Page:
A joint Fermilab/SLAC publication
Video still showing theorist Lance Dixon writing on a large chalkboard
Farrin Abbott, SLAC National Accelerator Laboratory

We're going to need a bigger blackboard


Watch SLAC theorist Lance Dixon write out a new formula that will contribute to a better understanding of certain particle collisions.

Physicists on experiments at the Large Hadron Collider study the results of high-energy particle collisions, often searching for surprises that their formulas don't predict. Finding such a surprise could lead to the discovery of new particles, properties or forces.

One of the formulas they use to predict the outcome of collisions is the EEC, which stands for Energy-Energy Correlation. The EEC measures how much energy in the form of particles goes into two detectors placed at a specific angle to one another.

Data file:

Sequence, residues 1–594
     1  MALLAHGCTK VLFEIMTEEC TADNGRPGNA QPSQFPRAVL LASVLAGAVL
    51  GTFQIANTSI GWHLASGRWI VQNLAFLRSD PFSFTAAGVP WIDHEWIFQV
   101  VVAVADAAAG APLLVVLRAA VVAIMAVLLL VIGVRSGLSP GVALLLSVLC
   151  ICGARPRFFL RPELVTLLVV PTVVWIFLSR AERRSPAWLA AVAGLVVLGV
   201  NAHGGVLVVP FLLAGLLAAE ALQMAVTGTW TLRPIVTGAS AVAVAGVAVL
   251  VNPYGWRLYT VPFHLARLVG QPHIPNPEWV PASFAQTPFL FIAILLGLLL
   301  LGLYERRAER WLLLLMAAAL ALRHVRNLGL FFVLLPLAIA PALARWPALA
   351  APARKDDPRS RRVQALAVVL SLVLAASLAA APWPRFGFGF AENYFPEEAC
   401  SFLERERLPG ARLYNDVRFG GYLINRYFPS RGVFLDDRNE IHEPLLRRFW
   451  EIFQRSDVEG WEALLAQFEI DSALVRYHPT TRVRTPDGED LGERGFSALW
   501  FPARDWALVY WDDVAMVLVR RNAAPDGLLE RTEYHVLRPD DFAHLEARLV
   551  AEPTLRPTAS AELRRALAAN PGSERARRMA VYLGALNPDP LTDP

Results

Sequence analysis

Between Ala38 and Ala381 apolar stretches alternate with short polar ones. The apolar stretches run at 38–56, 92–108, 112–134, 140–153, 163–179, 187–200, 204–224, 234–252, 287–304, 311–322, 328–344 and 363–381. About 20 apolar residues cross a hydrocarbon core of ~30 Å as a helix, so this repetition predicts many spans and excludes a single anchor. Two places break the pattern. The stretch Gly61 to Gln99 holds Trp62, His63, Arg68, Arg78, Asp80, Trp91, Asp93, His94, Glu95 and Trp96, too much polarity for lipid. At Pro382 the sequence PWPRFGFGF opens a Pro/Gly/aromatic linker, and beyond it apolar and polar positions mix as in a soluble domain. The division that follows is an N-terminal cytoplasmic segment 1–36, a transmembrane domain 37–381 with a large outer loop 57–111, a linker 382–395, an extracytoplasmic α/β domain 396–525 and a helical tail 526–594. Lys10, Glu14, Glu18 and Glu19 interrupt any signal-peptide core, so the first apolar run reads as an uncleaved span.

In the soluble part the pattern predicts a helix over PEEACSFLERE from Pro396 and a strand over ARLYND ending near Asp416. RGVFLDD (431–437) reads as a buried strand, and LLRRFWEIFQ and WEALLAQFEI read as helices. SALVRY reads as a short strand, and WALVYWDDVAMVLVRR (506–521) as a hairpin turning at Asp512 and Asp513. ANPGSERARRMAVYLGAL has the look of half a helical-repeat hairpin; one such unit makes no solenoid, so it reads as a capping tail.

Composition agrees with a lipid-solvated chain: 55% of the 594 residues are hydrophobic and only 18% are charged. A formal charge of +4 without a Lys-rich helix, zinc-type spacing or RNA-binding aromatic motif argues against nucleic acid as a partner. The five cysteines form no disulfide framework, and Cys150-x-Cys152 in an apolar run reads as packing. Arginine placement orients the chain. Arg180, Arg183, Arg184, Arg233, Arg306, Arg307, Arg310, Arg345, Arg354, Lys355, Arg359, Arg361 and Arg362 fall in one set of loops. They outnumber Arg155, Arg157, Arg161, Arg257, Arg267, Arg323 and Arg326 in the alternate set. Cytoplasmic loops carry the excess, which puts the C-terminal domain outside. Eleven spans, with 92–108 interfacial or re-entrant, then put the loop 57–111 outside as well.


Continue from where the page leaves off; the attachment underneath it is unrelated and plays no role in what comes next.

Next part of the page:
A group including theorist Lance Dixon of the US Department of Energy's SLAC National Accelerator Laboratory and former postdoc Hua Xing Zhu recently figured out the formula for the biggest correction to EEC in decades.

It’s a formula their paper calls “remarkably simple.” For the video below, Dixon offered to write it down.

Theorists love giant formulas (even more than coffee)